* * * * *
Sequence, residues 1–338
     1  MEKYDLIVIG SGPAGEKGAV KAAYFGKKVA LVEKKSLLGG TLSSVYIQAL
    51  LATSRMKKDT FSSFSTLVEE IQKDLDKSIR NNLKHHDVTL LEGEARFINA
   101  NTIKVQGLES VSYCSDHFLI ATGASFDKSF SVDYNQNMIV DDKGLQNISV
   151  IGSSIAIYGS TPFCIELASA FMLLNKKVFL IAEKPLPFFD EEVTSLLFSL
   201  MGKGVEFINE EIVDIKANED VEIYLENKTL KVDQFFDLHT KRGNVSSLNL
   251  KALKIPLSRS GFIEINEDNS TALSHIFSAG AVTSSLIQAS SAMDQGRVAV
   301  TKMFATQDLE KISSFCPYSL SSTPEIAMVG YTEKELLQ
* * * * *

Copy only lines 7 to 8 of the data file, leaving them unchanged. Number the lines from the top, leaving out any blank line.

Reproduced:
   251  KALKIPLSRS GFIEINEDNS TALSHIFSAG AVTSSLIQAS SAMDQGRVAV
   301  TKMFATQDLE KISSFCPYSL SSTPEIAMVG YTEKELLQ